AEQUITAS: Splice Responsibly

By Dr. Agazi Fitsum

The act of god(s) is the act of creation. Countless religions have myths recounting the genesis of life, the creation of sentient beings, and inanimate objects. From the renegade Titan Prometheus fashioning humanity from clay to the fascinating story of humankind springing forth from the tears of Wedjat (Eye of Ra) in ancient Egyptian religion. I think there’s a point to be made here about man’s aspiration to create. Most of the spiritual systems and religions designed by humans reflect the lofty aspirations of the societies that birthed them. The supernatural entities and intricate legends try to codify what needs to be attained, what needs to be gained to transcend human limitations. And as such, the act of creation can be viewed as another milestone in human fulfillment.

These concepts are expounded on in countless science fiction titles. Mankind’s fascination with the manipulation of life is recounted in the cautionary book written by the prolific H.G Wells in 1896 bearing the title The Island of Doctor Moreau. In the story a scientist with the same name dabbles in vivisection in an effort to create the best human-animal hybrid — giving rise to a grotesque and tortured beings with painful subjective self- awareness. In 1932 another sci-fi book entitled A Brave New World was written by Aldous Huxley. In it, he paints a dystopian world where humanity has developed mastery over human genetics and as such employs state-level interventions where people are engineered to occupy certain strata of society performing genetically predetermined tasks, ranging from the intelligentsia to menial labor.

Well, real life has caught up to science fiction. The doors were opened wide after the discovery of a sequence of bacterial DNA by two hard-core, gender-ceiling-smashing scientists, Emmanuelle Charpentier and Jennifer Doudna. What makes this tool so fascinating is that it enables the isolation and excision of specific genetic sequences. It can also be used to edit DNA information. Yes, edit. This has opened the door to a vast list of possibilities. How can this be applied? Well, for one thing, it can be used to edit and remove specific sequences that have known links with genetic disorders- look at the fetal genetic information, isolate the offending sequence, change it. But what if you want to influence other characteristics? What if you want a baby with purple eyes? Gigantic stature? Astronomical IQ? The possibilities are endless, and the ethical dilemmas innumerable. It wouldn’t be crazy to assume that new designer babies might start popping up all over.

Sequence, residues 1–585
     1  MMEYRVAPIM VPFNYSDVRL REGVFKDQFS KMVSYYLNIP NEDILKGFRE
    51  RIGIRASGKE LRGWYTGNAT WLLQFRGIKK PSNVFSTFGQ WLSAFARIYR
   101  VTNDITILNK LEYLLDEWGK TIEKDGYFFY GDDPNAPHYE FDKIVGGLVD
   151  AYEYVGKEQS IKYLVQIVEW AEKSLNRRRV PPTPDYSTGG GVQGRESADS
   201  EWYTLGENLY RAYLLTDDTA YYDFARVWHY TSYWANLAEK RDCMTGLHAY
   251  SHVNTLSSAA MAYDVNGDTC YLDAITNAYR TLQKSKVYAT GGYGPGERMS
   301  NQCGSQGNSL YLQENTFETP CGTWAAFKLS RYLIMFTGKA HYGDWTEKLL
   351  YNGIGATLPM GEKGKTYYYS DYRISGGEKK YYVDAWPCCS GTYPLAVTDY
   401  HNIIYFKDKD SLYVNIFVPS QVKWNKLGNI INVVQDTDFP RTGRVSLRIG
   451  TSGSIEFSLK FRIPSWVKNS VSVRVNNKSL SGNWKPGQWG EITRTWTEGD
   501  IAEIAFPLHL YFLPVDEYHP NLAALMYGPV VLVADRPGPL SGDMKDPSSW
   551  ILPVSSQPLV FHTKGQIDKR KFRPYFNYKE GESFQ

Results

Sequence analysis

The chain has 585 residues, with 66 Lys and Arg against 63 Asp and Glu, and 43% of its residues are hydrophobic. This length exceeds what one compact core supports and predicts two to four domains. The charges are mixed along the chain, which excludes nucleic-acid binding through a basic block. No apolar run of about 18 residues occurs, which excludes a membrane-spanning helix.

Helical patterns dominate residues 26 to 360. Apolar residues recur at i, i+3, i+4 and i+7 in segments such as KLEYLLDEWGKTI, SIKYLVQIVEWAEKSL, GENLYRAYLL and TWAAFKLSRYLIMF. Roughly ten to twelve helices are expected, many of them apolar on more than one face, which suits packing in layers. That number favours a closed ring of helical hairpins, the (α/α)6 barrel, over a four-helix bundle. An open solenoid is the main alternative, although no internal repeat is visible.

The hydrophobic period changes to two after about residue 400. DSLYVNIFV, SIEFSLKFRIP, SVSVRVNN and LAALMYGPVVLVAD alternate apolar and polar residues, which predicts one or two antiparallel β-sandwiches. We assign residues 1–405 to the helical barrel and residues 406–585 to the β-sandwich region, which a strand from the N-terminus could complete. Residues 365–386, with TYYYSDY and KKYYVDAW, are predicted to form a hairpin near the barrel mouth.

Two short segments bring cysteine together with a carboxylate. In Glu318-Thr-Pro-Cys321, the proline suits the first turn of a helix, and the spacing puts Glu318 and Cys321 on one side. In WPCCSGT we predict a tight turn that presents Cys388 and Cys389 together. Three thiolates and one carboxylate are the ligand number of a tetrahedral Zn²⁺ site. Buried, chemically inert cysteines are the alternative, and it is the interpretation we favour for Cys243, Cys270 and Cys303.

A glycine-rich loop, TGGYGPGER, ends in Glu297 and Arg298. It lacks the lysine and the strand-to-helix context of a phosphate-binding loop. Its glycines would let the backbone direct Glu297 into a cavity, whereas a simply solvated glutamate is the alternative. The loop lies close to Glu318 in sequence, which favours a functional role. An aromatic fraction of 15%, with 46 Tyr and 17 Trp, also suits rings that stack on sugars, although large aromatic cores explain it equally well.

The invention and democratization of CRISPR has led to the rise of Biohackers. These are everyday Joes who have started playing with genetic codes from the comfort of their homes. Some companies sell ready-to-use and simplified CRISPR kits online. One click and you have in your possession an incredibly powerful tool which when you think about it shouldn’t be easily available. Nevertheless, there is a veritable collection of people out in the world tampering with the source code of various living organisms. Some have even raised concerns as they have been injecting themselves with DNA altering cocktails and sharing the videos on social media. Will such democratization help move the field along as more people with little moral compunctions and even less scientific knowledge tinker with human DNA? That remains to be seen, but I’m curious to see what comes out of this wild-west style of scientific experimentation.

The other exciting vein is the rise of splicing. Basically, scientists take human stem cells and put them inside animals, growing tissue, and in some cases organs. Imagine if they can take cells from you and grow you a nice kidney. Fascinating stuff. The iffy part is when we start to mess with more than isolated tissues and organs. Say you want to study the human brain and splice some DNA in a rat and let the embryo develop. What if the new rat develops subjective awareness — that significant piece of difference that makes humans well humans? Things start to get sticky or exciting — depending on how you view the potential. All the plots written down in the countless books have become blueprints of what might possibly transpire.

What does it all mean? It means things are about to get super interesting. Many of these technologies are set to be revolutionary for the field of medicine, from preventing genetic diseases to seamless organ transplants. And for the wild wild west of gene editing? That remains to be seen but I’m excited to find out.